How the Faroe Islands Turned a Voluntourism Project Into a Dream Vacation

Each spring, the Faroe Islands closes major sites, giving access only to select volunteers doing maintenance projects. With thousands applying to participate, the program has become harder to get into than Harvard.

Three men in yellow beanies with one holding a wooden sign that says "Closed for Maintenance" in front of a green hill with blue skies

The Closed for Maintenance, Open for Voluntourism program draws people from around the world who want to take part in making travel more sustainable in the Nordic archipelago.

Photo by Emily Madinsky

The green hills of Suðuroy roll in a dramatic slant into the endless North Atlantic far below. On this early May afternoon in the Faroe Islands, the sun shines as bright as the matching yellow beanies my new Swedish friend Patricia and I wear as we slather crimson red paint on the sign to Ryskivatn, a nearby lake. As we chat and gussy up the wind-worn sign to make it easier to spot when the weather inevitably turns foggy, three nosey locals bound over to stare at our progress through thick curly black hair. They’re some of the 70,000 sheep that call the Faroe Islands home.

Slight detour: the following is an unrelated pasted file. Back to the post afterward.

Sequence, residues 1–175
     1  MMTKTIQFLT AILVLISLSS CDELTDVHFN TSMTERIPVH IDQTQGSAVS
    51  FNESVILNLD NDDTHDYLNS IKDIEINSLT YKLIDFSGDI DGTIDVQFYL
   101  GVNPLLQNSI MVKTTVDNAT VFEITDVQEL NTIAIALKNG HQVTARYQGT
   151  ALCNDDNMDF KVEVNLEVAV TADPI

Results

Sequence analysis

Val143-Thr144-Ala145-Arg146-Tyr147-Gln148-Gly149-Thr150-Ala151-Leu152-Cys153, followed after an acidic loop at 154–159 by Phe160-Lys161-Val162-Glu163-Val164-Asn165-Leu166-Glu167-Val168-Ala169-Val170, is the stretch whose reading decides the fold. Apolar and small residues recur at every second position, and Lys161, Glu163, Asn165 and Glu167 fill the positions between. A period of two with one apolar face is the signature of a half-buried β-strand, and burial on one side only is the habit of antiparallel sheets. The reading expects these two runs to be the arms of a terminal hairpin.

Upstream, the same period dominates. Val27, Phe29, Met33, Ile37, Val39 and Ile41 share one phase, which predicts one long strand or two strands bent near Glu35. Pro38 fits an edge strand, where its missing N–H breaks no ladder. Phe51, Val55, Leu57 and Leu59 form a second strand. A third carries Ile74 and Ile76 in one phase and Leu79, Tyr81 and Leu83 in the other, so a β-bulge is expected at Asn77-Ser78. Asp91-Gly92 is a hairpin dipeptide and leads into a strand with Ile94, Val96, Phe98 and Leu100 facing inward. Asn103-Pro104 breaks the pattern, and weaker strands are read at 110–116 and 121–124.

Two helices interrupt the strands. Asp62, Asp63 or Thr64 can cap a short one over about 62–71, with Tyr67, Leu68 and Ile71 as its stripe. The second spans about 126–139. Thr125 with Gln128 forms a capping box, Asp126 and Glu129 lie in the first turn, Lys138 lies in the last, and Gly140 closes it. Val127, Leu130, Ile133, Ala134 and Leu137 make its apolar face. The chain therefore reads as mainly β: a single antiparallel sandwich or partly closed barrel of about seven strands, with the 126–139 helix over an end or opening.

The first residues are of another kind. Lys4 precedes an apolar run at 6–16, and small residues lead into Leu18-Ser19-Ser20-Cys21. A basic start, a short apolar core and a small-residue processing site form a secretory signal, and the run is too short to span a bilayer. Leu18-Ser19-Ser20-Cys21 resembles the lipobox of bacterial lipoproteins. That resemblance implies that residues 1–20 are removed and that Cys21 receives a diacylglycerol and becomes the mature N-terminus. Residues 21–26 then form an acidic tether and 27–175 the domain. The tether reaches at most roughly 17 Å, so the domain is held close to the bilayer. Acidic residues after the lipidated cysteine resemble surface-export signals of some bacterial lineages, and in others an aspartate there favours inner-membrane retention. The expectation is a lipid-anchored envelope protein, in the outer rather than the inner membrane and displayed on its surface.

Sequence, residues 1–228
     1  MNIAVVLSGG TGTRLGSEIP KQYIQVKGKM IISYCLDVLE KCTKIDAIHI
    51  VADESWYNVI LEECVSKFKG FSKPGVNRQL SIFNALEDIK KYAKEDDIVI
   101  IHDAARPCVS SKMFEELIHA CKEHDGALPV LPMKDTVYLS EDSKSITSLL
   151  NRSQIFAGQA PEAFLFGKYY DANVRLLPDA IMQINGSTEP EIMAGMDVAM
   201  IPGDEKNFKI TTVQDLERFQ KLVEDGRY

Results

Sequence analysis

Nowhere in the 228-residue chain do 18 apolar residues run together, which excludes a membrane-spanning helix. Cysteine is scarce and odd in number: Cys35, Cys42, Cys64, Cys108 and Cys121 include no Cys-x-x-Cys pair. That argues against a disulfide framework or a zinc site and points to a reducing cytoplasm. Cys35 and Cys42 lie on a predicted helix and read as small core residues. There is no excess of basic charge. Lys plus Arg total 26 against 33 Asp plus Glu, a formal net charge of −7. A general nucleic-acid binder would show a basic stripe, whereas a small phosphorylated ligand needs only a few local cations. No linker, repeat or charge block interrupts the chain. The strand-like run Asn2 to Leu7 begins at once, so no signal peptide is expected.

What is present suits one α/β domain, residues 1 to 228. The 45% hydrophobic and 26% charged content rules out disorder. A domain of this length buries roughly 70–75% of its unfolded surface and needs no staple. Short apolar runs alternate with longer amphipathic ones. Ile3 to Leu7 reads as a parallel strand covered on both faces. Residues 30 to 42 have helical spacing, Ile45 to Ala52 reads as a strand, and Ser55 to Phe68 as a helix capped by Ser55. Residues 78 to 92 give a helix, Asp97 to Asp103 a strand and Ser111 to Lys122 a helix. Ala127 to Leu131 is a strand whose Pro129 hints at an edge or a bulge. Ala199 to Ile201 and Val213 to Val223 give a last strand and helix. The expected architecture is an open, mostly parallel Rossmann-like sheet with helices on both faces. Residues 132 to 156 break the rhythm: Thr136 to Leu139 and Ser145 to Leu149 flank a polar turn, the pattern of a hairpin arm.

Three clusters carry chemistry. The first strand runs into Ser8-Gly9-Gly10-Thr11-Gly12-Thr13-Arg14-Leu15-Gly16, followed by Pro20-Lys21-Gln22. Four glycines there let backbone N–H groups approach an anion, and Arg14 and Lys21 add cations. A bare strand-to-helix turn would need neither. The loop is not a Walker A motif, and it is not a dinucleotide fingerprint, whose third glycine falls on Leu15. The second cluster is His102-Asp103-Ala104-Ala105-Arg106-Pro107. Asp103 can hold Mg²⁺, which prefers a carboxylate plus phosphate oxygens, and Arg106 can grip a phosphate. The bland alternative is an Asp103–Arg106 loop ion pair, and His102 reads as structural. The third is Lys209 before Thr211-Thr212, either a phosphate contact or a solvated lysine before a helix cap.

The Faroe Islands famously has more sheep than people. But in 2023, approximately 130,000 foreign tourists visited the remote Nordic archipelago of 18 volcanic islands located halfway between Iceland and Scotland, outnumbering the roughly 54,000 full-time Faroese. So it’s no surprise that the self-governing region of the Kingdom of Denmark is more concerned about the growing population of tourists than sheep.

Like Venice and Amsterdam before it, the Faroe Islands will begin charging tourist taxes in October 2025 that will be used to finance a Nature Preservation Fund for the maintenance of hiking paths as well as other local tourism initiatives and nature protection schemes.

But unlike other destinations, the Faroese government has taken another, more unorthodox approach to preventing overtourism by immersing visitors in the maintenance of the islands’ fragile natural environment and creation of a more sustainable infrastructure. Each spring, the Closed for Maintenance, Open for Voluntourism program shuts down some of the country’s most popular sites for a few days. In exchange for free room and board, several dozen international volunteers are invited to participate in various infrastructure projects across the islands, including constructing pathways to preserve the islands’ natural beauty as well as installing wayfinding signs on trails and roads to keep both visitors and locals safe.